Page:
One of the aspects of growing plants that I most enjoy is learning something new. With plants it is impossible to know it all. There are just so many species, so many growing techniques and so many possibilities for the end product. This week has been a crash course in three crops that I love – coffee, vanilla and cacao. This came courtesy of a visit to the Cook Islands Chocolate Factory, in Rarotonga, with a guided tour by the owner Framhein Koteka. This is a relatively new business, which is still resource poor and quite rustic, but has enthusiastic support from a co-operative of about 30 organic growers in Rarotonga and some of the other islands in this far-flung archipelago. If you are going to Rarotonga, drop into the Punanga Nui markets and book a tour. All the money raised goes to paying wages as the business is still in its infancy. Framhein estimated it will take about 10 years before they reach full commercial production.
Up until now, I had assumed the natural drying process, commonly used in countries like Brazil and Kenya, was the only method for processing coffee beans. However, in Rarotonga they have been experimenting with placing the beans in streams, so natural fermentation softens the pulp and incorporates fermentation flavours into the bean before de-pulping and drying. It’s similar to how the old Maori delicacy kaanga pirau (rotten corn) is prepared. I’ll try this technique with my own beans, currently ripening on my coffee tree.
My growing technique for vanilla was similar to theirs, although unlike me they don’t need a greenhouse and a heat pad under the pots to keep the plants growing. I was amazed to learn that as little as 10 per cent of the beans are considered A-grade. These are the lovely plump straight beans that can be purchased whole. The rest are used for commercial food production or extraction. Vanilla is extracted by placing the cured beans into alcohol for several months. The liquid is drawn off, which is the vanilla extract we are familiar with. The remaining softened beans are pulped to make a rich vanilla paste, which is just divine. It will be a while before I can make my own as my little plants will take at least another six years to produce their first beans, assuming I can keep them growing.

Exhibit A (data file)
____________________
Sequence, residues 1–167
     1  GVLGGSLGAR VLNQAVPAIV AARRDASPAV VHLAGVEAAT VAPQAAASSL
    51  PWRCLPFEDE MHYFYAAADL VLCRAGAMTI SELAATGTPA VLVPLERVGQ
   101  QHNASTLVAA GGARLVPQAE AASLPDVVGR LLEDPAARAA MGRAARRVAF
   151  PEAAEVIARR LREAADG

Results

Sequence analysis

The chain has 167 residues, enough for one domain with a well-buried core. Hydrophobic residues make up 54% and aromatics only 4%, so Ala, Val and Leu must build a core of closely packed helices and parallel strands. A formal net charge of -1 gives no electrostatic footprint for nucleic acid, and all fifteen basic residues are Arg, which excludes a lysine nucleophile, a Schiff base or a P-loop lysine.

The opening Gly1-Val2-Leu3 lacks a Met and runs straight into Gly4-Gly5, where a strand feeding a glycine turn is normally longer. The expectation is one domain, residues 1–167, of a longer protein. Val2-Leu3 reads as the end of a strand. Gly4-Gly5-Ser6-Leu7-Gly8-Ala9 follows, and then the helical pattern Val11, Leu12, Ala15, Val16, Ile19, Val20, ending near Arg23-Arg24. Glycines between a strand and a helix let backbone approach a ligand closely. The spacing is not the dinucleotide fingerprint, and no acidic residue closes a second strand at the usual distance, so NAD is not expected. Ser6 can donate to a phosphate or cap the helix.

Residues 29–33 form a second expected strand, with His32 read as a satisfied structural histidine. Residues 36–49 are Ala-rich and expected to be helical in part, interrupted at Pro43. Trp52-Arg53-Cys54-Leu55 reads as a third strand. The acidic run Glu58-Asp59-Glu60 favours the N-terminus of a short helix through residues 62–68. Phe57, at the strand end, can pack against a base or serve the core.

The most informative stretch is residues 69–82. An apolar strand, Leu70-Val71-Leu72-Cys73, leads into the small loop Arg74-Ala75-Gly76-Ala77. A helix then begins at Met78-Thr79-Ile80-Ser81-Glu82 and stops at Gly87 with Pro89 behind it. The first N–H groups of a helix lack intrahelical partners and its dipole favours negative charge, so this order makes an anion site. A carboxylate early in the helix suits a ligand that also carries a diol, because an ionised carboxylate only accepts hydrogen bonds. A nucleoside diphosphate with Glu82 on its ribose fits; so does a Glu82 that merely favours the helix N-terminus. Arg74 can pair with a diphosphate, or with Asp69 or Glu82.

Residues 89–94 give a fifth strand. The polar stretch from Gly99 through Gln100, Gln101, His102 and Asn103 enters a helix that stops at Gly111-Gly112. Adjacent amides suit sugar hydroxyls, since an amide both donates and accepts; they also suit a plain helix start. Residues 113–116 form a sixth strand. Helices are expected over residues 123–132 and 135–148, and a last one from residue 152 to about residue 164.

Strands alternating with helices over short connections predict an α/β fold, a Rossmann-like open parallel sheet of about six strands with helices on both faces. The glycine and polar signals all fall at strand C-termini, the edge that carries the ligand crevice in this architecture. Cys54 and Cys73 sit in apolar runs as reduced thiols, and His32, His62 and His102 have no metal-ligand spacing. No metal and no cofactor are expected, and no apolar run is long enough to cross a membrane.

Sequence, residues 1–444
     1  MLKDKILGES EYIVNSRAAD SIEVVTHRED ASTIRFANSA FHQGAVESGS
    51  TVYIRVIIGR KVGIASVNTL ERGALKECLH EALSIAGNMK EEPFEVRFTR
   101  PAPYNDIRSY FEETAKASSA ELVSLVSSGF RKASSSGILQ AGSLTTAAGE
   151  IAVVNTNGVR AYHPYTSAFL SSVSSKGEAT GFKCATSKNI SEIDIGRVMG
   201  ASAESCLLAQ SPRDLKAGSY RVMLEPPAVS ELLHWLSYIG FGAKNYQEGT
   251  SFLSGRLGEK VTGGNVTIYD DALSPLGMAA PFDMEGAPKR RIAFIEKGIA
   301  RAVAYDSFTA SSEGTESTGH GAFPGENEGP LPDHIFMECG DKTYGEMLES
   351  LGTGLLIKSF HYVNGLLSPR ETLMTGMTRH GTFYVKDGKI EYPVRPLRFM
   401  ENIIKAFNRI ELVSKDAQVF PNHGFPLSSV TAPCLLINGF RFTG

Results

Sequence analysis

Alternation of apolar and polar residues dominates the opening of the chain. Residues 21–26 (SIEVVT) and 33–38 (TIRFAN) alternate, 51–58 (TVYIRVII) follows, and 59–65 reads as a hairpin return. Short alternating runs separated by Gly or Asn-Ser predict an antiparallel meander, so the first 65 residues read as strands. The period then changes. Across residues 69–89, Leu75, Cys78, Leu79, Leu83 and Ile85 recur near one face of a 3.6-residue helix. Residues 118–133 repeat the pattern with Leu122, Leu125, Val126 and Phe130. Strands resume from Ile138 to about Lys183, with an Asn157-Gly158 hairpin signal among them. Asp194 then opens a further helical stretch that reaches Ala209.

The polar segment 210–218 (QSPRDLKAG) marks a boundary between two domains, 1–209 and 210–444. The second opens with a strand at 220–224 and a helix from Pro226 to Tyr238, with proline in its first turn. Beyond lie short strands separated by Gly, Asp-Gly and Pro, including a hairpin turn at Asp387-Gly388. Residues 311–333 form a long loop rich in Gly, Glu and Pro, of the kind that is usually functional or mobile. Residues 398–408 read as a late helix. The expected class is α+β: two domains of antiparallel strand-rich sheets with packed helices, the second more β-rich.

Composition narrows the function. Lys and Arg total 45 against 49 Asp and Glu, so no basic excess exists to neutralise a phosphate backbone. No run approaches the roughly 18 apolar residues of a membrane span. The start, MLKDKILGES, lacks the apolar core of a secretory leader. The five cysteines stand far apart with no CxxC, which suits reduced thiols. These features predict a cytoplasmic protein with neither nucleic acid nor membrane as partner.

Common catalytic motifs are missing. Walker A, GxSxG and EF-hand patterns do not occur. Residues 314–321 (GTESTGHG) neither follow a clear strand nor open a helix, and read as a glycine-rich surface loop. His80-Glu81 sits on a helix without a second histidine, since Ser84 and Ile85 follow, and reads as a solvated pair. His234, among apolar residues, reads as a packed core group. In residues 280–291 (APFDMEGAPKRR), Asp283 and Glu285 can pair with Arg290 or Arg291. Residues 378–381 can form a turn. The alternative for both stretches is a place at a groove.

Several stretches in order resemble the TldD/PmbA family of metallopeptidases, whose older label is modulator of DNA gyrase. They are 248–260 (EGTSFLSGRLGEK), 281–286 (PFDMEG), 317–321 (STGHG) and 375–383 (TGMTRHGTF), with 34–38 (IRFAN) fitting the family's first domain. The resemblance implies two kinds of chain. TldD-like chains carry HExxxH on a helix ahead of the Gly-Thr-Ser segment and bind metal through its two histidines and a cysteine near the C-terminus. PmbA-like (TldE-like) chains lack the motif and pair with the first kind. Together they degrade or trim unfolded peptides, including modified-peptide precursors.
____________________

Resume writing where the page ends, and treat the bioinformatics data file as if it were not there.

Cacao was the star of the show, though. We went through the processes from planting to harvest, to curing and to extraction. Once the plump yellow pods are ripe, they are picked and left to self-ferment in the sun – in this case in the back of a ute. This increases the sugars and fermentation flavours in the beans. Once the pods are black, the beans are extracted and placed in a container for secondary fermentation using their own juices. This double fermentation really enhances the flavour. It is followed by sun-drying, roasting and manual de-husking – a laborious but essential job for the best quality chocolate. Once ground into a paste, the result is a truly astounding 100 per cent cocoa chocolate, with complex flavours, natural sweetness and no bitterness. The business may be new, but already the quality of chocolate is outstanding. I can’t wait until they eventually hit the market with this.